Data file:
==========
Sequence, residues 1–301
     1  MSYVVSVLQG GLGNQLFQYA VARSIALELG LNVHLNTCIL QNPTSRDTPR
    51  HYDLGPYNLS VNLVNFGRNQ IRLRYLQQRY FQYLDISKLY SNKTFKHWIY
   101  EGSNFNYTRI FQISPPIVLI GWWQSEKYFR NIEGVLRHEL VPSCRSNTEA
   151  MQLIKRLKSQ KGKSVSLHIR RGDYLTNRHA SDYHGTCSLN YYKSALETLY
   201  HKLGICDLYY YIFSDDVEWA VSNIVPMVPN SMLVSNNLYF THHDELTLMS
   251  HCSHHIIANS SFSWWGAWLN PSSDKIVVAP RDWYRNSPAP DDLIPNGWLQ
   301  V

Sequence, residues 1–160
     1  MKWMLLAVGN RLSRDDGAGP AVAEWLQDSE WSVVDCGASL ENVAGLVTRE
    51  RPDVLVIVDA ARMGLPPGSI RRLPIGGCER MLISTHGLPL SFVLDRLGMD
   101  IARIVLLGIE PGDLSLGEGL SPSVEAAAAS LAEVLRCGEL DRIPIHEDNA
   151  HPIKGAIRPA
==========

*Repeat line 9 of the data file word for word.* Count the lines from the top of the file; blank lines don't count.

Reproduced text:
Sequence, residues 1–160